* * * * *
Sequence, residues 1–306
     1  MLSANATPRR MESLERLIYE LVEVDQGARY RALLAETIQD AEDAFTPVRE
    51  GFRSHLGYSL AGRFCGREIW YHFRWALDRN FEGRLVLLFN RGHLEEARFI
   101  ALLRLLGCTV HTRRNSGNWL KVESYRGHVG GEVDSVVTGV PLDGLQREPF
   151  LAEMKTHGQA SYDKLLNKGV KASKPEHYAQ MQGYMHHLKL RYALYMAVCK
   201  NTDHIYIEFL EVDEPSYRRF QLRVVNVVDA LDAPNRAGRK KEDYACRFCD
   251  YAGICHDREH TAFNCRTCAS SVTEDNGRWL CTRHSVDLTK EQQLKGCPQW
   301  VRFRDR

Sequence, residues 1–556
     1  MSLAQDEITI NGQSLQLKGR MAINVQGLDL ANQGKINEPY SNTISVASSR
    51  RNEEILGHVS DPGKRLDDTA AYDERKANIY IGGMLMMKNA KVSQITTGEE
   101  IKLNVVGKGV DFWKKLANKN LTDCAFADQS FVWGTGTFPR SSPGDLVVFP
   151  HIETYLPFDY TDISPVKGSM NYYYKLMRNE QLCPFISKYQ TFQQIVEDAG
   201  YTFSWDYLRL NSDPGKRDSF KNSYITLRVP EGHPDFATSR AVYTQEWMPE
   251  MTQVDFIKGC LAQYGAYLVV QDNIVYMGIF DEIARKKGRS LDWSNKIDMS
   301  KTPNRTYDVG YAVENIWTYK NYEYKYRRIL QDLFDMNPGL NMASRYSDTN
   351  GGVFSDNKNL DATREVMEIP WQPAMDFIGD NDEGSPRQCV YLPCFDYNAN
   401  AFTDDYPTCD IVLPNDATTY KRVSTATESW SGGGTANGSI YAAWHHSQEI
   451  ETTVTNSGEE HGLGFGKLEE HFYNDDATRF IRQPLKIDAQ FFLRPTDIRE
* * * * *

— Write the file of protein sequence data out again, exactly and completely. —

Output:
Sequence, residues 1–306
     1  MLSANATPRR MESLERLIYE LVEVDQGARY RALLAETIQD AEDAFTPVRE
    51  GFRSHLGYSL AGRFCGREIW YHFRWALDRN FEGRLVLLFN RGHLEEARFI
   101  ALLRLLGCTV HTRRNSGNWL KVESYRGHVG GEVDSVVTGV PLDGLQREPF
   151  LAEMKTHGQA SYDKLLNKGV KASKPEHYAQ MQGYMHHLKL RYALYMAVCK
   201  NTDHIYIEFL EVDEPSYRRF QLRVVNVVDA LDAPNRAGRK KEDYACRFCD
   251  YAGICHDREH TAFNCRTCAS SVTEDNGRWL CTRHSVDLTK EQQLKGCPQW
   301  VRFRDR

Sequence, residues 1–556
     1  MSLAQDEITI NGQSLQLKGR MAINVQGLDL ANQGKINEPY SNTISVASSR
    51  RNEEILGHVS DPGKRLDDTA AYDERKANIY IGGMLMMKNA KVSQITTGEE
   101  IKLNVVGKGV DFWKKLANKN LTDCAFADQS FVWGTGTFPR SSPGDLVVFP
   151  HIETYLPFDY TDISPVKGSM NYYYKLMRNE QLCPFISKYQ TFQQIVEDAG
   201  YTFSWDYLRL NSDPGKRDSF KNSYITLRVP EGHPDFATSR AVYTQEWMPE
   251  MTQVDFIKGC LAQYGAYLVV QDNIVYMGIF DEIARKKGRS LDWSNKIDMS
   301  KTPNRTYDVG YAVENIWTYK NYEYKYRRIL QDLFDMNPGL NMASRYSDTN
   351  GGVFSDNKNL DATREVMEIP WQPAMDFIGD NDEGSPRQCV YLPCFDYNAN
   401  AFTDDYPTCD IVLPNDATTY KRVSTATESW SGGGTANGSI YAAWHHSQEI
   451  ETTVTNSGEE HGLGFGKLEE HFYNDDATRF IRQPLKIDAQ FFLRPTDIRE